After lunch we take one more dip before going back to nap.  Adele is swimming really well.  We actually head out about 25-30 yards off shore for the first time, far out by any standard.  She does the crawl back in, nice and relaxed, never worried, treading when she needs to.  It the first time she is actually swimming and she is beyond excited.  So am I knowing she can handle herself in the water. A milestone.  When she wins the 200 fly at the 2020 games I will be quick to tell the world that it all started here in the Adriatic.  

Vincent befriends the Italians.  There is a pack of locals, probably three generations  deep and maybe four families wide, that finds him irresistible.  The elders take him under their wing and help him catch crabs to put into his little plastic cup.  He squeals with excitement while they laugh with sheer joy.  Both sides talk a mile a minute neither having any idea what the other is saying.  Vince is naming the crabs, talking about Lightning McQueen and telling them all about how the crabs can come on the trip around the world.  They all nod, shout out “Vincenzo!’ and clap hands.  

For dinner we go to the other place.  Not to be outdone, it is certainly as good as the first.  This time we start with fresh mussels in white wine, lemon and garlic, just like when I was a kid on Long Island.  My kids cannot believe we used to pick them when I was little on Sunday afternoons right from our beach on the Long Island Sound.  That’s followed by a truffle and fresh catch risotto.  The sea breeze blows gently in and the waves lap the shore.  Really, why ever eat out again?  Can it get any better?

After a tough day we end up exploring the fort with Vincent’s headlamp looking for crabs and making sure the cannons are kept at bay.   If Napoleon only knew…

Day Ninety-Two September 17th

It’s raining again.  I cannot believe that we are finally on the perfect beach to burn off a few days and relax for a bit and it is raining.  What have done to offend the weather gods so?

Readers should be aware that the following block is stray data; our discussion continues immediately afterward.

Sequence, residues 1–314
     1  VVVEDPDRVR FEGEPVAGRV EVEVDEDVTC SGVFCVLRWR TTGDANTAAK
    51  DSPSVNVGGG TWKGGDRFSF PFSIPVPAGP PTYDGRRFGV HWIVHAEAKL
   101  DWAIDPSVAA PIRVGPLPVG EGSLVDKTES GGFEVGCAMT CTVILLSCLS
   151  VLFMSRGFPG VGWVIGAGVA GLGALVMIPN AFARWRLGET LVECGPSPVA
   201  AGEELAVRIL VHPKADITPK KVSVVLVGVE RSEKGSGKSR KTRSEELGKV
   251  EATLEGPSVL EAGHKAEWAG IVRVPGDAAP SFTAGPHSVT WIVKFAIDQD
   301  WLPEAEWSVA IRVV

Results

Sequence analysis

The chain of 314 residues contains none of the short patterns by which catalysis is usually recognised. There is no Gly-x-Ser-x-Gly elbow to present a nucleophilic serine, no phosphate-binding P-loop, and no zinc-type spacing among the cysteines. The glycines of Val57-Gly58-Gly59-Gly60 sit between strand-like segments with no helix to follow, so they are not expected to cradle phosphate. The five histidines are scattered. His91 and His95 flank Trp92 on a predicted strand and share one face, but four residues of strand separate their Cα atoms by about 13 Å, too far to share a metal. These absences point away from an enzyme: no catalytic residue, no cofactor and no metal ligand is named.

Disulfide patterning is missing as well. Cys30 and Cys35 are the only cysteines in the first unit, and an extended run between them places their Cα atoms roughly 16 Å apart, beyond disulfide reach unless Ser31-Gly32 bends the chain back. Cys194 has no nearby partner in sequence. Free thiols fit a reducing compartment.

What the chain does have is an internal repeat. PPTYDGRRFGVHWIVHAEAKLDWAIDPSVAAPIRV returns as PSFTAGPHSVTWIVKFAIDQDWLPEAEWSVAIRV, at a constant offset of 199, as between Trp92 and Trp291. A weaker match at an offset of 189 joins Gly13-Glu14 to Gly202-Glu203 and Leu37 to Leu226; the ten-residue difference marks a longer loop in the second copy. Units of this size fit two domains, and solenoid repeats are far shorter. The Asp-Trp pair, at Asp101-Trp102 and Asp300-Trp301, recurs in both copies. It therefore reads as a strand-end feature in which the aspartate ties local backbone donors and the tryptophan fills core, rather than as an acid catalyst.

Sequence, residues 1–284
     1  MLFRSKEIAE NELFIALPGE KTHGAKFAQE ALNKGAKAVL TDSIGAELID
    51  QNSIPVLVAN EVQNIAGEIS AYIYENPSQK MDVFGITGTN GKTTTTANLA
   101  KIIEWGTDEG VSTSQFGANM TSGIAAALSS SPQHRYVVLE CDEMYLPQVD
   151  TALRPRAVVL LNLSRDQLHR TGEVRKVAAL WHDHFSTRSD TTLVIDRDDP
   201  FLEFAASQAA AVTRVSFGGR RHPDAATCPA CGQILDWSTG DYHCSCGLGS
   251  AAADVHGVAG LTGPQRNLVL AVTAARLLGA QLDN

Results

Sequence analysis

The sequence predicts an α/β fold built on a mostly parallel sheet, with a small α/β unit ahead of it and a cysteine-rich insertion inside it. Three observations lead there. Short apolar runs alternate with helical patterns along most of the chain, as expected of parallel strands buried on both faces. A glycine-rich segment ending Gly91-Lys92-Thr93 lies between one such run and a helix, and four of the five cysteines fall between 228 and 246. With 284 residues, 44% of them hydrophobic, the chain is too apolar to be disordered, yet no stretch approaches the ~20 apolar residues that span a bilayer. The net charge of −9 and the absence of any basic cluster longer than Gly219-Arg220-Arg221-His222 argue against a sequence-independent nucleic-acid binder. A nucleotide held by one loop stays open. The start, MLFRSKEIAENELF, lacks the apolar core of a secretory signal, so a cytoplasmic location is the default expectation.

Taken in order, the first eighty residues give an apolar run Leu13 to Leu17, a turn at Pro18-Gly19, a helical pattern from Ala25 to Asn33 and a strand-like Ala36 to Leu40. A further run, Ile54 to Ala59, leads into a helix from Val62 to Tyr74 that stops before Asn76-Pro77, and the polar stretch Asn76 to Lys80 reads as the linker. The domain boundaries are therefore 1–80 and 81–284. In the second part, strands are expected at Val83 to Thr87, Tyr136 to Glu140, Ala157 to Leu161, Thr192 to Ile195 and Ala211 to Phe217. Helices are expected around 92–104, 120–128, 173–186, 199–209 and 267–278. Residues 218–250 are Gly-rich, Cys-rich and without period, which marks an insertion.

Let’s be honest, not much can slow us down if we sense a good day to drive.  Besides the hotel is supposed to be full this evening so its at best only a 50% chance we will clear stand by.  By the time we swing by the desk to see if they have room for us for one more night we already have a full tank of espresso and one foot out the door.  

The front desk guy hems and haws.  He frowns, shakes his head, points at the computer, shakes his head some more, stands up and shakes his head, actually slaps his head full on with the palm of his hand and then disappears to the rear office. We stand in silence.  After several minutes of hushed conversation he emerges and quietly whispers, “it’s OK, but we only have 53.”  We stare back blankly. It is like he is speaking in some kind of code.  His eyebrows dance up and down.

Last night we were in room 50, right next to the office, so we can only imagine what room 53 is like.  He waves us on to follow him, “we see if it works”.  Then we all walk into the restaurant.  Thinking he is going to put us in the kitchen, I immediately start to think up excuses to rescue us.  He holds the door until we are all inside, then he marches us out the other side and down a long narrow stone corridor we have been using to get to the beach.